How to Create Realistic Characters

Today’s guest post is by Laura Sherman.

Whenever you write a novel, the success of the project depends upon your ability to craft believable, realistic characters. When done correctly, your readers will be drawn to the people in your book. They will empathize with and relate to each individual you portray and might just shed a tear when the book is finished.

As a writer, you know how important it is to do research. After all, you must know about the environment, relevant history, as well as the various topics discussed in your book. These are crucial to creating a realistic setting and background.

What you might not realize is that you also need to research the personalities involved if you wish to create truly three-dimensional characters. That’s the only way to really understand the nuances and characteristics of each individual in your novel. You have to work out how each character will develop throughout the story and who they will become by the end. And that development needs to resonate with your readers.

Keeping It Real for Your Readers

Meeting a character in a novel is a bit like meeting someone for the first time in life. I’d compare it to a good blind date. Think about it. When you first get to know a new person and hit it off, you see them in a certain light, one that is a tad rosy. That person can appear to be almost perfect.

Someone new in your life will go out of his way not to display negative emotions. No angry outbursts, no overly dramatic scenes, no whiney arguments. That’s because he isn’t comfortable enough to display any flaw in case that causes you to bolt.

Over time, as you continue to develop a relationship with that man, you’ll start to see a few faults peek out. They have imperfections. Yet you still like them, sometimes even more than before. They are real.

As an author, if you want to create realistic characters for your book, you must write as if you’ve known them for years. Skip the honeymoon phase. It’s overrated. Fast forward a bit and let them reveal their idiosyncrasies. Let the reader see the real person.

No reader will enjoy reading about flat, boring, “perfect” people. Remember, bad guys aren’t always bad, and good guys are rarely saints. People have a lot of gray areas. Give them balance.

Communicate with Dialogue

Even with your eyes closed, you can sometimes pick out who said what just by the way they speak. The way a person communicates is a bit like his signature; the way a person signs his name reveals his individuality, his personality. It’s the same with communication.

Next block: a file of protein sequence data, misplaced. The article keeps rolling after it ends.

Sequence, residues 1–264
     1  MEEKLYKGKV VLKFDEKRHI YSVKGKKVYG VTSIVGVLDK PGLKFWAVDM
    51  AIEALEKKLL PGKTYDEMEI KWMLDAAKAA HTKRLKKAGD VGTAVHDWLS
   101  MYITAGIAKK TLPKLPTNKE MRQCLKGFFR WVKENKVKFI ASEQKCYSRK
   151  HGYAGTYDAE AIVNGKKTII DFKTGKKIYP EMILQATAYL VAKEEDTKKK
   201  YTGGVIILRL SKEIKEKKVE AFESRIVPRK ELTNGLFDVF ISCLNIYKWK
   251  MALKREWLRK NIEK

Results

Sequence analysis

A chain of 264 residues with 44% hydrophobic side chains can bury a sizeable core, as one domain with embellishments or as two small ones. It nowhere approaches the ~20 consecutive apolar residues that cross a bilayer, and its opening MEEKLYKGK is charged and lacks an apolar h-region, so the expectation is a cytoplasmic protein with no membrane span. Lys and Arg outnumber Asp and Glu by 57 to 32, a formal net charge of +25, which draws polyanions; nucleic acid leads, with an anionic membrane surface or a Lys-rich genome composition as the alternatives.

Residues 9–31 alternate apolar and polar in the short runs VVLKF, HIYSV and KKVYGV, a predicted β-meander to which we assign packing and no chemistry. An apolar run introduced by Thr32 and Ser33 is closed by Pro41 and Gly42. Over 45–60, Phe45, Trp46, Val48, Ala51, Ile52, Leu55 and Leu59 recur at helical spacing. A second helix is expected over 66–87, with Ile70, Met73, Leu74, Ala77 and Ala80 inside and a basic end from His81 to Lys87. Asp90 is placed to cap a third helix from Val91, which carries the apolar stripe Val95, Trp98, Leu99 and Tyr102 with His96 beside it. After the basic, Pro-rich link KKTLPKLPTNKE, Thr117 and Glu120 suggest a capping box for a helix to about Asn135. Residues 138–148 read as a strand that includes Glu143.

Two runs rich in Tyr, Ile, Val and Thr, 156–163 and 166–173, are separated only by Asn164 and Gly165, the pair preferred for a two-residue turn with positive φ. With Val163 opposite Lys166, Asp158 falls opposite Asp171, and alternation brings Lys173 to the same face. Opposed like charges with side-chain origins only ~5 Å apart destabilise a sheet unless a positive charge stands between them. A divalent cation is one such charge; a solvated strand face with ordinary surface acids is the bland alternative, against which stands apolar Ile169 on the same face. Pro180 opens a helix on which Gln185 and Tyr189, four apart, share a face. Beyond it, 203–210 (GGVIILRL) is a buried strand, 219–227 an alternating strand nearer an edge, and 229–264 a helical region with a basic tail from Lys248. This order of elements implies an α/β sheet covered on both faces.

Think of the people in your life that you know really well. Don’t they have unique ways of saying things? Maybe they have particular catchphrases. Or perhaps they mispronounce words in an endearing way.

Heck, some of my friends make up words on a regular basis.

In a novel you can really get a feel for a character’s personality through her dialogue. When it’s done well, it’s almost as if you’re overhearing a conversation happening right next to you. That’s the point when a reader gets lost in the pages of a good book.

Have you ever read a passage and actually forgotten that you were reading? I know I have.

As a writer, when I’m in the zone, when I know and understand my characters, it feels as if I’m a fly on the wall. I’m there, just listening in to the conversation. They speak; I write. I’m basically just a stenographer.

It’s that simple and that easy.

Friends Have a Unique Dynamic

In the real world, when two close friends get together, their exchange sometimes becomes its own language. Someone on the outside might have trouble understanding all the inside jokes the two friends have created together over the years.

For instance, my youngest daughter calls her older sister “Komodo” and warns her not to eat the “water buffalo.” This is because my teen is obsessed with Komodo dragons and will pretend that she’s hungry and plans to eat the humans in the area. Overhearing this conversation without context would be confusing, I’m sure.

As a writer, it’s your job (and pleasure) to create that realistic dialogue between close friends. Having said that, it’s important not to lose your readers. No one likes to be on the outside of an inside joke. No, they must get your characters well enough to understand the snippets of snappy dialogue you provide.